Well, that’s a really good point and an important point. I think one of the things that we realized in the last couple of years is that fiscally conservative, small-government conservatism was a much smaller group of the electorate than we had imagined. I think this has been one of the problems for a long time: When people talk about, “We’re going to cut the entitlement programs,” or “We’re going to have massive slashes in the budget,” these things are not that popular. There’s no question about it that the juice in the conservative movement is very much with the populist, nativist, nationalist wing as opposed to the free-market wing of the party. When I describe conservatives as being in the wilderness, it’s a recognition of the fact that we were just not as numerous as we had imagined, even within the Republican Party.
I would argue that at some level the party needs to embrace the welfare state in some form. You probably need to have the Trumpian populism or the bigotry or the welfare state if you want to form a coalition.
Yes. [A] coalition had appeared to be intact up until last year. I do think that when non-Trumpian conservatives step back, that there are a lot of these principles that need to be rethought, including the zombie conservatism that I think we’ve seen, which applies policies that we’ve been talking about in the ’70s and ’80s to every single circumstance. I’m a conservative who likes small government and lower taxes. Does that mean that tax cuts are always the answer to every problem, that you would apply the same sort of policies to 2017 that you would apply to 1981, despite the fact that the world is a completely different place? I think that there’s got to be a much more modest conservatism that recognizes the reality on the ground.
This comes to issues like health care and other issues that we’ve been wrestling with. Do you understand how people’s lives will be affected? Or are you just sort of in this zombie lockstep?
Let me ask you then, because every psychological or political social science experiment you see shows how much partisanship drives how we think about things: Has your kind of awakening about Trump and the Republican Party changed the way you react either rationally or emotionally to other things? Like if you’re following a debate on ending Obamacare, which I’m sure you were never a big fan of, do you find yourself emotionally reacting to it in a different way than you would have five years ago, even though maybe your ideology about health care and the free market hasn’t actually changed?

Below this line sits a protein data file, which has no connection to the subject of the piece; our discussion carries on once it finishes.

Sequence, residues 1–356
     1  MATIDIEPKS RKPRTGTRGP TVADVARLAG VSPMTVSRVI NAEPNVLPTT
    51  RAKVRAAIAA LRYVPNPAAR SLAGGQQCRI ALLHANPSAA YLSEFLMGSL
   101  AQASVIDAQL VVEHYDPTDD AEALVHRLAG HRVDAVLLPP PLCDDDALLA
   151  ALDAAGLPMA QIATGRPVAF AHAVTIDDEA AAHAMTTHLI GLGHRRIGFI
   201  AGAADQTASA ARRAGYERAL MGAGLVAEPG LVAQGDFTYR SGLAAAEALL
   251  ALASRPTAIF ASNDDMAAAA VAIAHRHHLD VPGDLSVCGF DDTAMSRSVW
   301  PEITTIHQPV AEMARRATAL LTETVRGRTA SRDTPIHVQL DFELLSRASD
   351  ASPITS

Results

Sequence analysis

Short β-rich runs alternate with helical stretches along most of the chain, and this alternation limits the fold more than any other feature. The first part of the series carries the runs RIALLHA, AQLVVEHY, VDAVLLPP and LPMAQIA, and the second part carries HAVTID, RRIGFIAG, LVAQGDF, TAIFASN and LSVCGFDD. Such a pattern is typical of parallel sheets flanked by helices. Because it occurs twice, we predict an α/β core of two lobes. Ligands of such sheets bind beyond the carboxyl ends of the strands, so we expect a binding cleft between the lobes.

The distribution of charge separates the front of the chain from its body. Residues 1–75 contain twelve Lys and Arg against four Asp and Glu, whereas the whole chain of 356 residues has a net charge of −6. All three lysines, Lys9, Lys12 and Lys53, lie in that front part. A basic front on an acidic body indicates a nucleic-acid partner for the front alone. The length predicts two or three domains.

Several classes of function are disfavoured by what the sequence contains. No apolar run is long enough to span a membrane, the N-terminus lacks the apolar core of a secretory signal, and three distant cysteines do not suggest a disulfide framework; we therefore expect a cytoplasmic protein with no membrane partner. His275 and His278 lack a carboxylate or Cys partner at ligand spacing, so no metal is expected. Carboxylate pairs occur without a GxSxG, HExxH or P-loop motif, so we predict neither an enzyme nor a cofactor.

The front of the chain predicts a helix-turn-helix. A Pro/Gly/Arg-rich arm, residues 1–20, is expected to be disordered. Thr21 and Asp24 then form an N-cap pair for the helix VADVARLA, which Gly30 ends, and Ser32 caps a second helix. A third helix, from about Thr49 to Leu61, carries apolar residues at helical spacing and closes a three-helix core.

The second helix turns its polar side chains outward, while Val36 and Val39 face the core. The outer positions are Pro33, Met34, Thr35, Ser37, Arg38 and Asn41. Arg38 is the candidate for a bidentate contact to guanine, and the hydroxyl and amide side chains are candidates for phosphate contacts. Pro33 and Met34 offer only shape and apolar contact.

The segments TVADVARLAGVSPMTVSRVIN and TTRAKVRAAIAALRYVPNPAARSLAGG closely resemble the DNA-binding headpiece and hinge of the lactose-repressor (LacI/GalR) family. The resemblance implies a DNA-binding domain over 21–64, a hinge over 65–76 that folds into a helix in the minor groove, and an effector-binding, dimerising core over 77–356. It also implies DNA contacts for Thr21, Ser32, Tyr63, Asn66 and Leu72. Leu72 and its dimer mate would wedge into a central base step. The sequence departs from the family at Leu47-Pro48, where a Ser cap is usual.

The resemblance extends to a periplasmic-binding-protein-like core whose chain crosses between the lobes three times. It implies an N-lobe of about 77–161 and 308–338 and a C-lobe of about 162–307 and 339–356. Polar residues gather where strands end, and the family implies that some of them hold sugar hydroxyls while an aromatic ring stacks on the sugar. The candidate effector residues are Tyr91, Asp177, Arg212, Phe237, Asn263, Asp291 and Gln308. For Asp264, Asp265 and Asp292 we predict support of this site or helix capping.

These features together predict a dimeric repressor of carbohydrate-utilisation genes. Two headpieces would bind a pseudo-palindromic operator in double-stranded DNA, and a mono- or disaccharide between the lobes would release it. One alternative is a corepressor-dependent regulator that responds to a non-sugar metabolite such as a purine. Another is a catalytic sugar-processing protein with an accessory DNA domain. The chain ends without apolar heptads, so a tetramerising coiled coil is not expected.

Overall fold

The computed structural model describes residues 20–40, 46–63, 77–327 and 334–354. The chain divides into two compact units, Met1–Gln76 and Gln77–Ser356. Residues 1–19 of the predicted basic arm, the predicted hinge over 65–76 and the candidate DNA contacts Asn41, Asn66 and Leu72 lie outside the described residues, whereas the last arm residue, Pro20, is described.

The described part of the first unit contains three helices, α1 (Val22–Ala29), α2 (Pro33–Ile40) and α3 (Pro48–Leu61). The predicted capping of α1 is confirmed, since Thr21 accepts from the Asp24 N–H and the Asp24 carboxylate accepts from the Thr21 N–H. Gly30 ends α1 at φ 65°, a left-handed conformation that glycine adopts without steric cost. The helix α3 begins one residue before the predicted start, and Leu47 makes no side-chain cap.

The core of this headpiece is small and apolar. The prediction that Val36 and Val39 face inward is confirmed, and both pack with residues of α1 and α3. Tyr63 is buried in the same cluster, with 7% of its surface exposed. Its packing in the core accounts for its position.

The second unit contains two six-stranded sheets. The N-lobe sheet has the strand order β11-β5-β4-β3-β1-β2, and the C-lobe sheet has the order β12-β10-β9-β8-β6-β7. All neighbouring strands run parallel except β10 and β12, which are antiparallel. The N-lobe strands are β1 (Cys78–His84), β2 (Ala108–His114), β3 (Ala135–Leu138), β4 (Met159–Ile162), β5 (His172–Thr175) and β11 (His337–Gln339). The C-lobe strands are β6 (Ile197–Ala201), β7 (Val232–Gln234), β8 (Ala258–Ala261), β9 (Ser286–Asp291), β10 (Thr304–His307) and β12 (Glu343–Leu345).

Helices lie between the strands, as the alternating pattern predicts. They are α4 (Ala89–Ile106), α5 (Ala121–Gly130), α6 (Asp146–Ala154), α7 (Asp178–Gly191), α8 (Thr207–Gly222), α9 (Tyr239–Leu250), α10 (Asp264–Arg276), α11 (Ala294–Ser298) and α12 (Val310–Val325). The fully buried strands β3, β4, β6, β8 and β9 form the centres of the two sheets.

Yes. Very much so. The shock of Trumpism has made me rethink what the conservative movement was about and who our allies were, and what our assumptions were. So yes, I do. And once you step out of the echo chamber, once you step out of the bubble, it’s kind of liberating. I actually find it’s incredibly liberating to break out of the chrysalis of having to defend the tribe.
I was a strong critic of Obamacare, but I’m able to step back and go, OK: Are we seriously going to blow this thing up when they were voting on it, without having any hearings, without having any discussions? Do you understand how this will affect people’s lives? I do find that if you step back, and if you’re no longer invested in tribal loyalty, you’ll have a very different perspective, both intellectually and emotionally.
You also take some swipes at liberals for basically calling conservatives racist forever. Your argument seems to be not liberals were right, though, but rather that being called racist for so long had a bad effect on conservatives.
I think one of the shocks of 2016 was the fact that you have a presidential candidate who is engaging in implicit and explicit racial rhetoric, aligning himself with some of the darkest elements of society, and yet when people pointed this out, there was no reaction [on the right]. Why?
I’m old enough to remember when that would have been disqualifying. This is where I come back to, and I understand there’s a lot of resistance to this, but you have to understand from the conservative base, the race card had been played so relentlessly, so promiscuously that it had lost its power. If John McCain was a racist, if Mitt Romney was a racist, if George Bush was a racist, then … If every conservative who supported conservative policies was a racist, then when the real thing comes along, what do you call him? How do you recognize it?
So what happened was, I think, there was a numbing effect. On the one hand: “OK, this again?” Because we’ve heard this for 50 years. But also then a numbing, sort of defensive numbing, to not recognize the bigots in our midst. If you’re constantly accused of being racist, there’s a certain point at which the conservative reaction was complete denial.
I get what you’re saying, but at the same time it wasn’t like Trump was hiding his racism.
It wasn’t like only liberals were saying it and it had to be discovered and this was hindering the discovery process.
Oh, absolutely not. See this was my life for a year and a half, where I’m on the air, as a conservative talk-show host, saying this man is actually every stereotype that the left has had of racist and xenophobic, misogynist conservatives. You’re not really going to embrace him, are you? Yet the response I got was people saying, “Well, yes, but that’s what they always say.”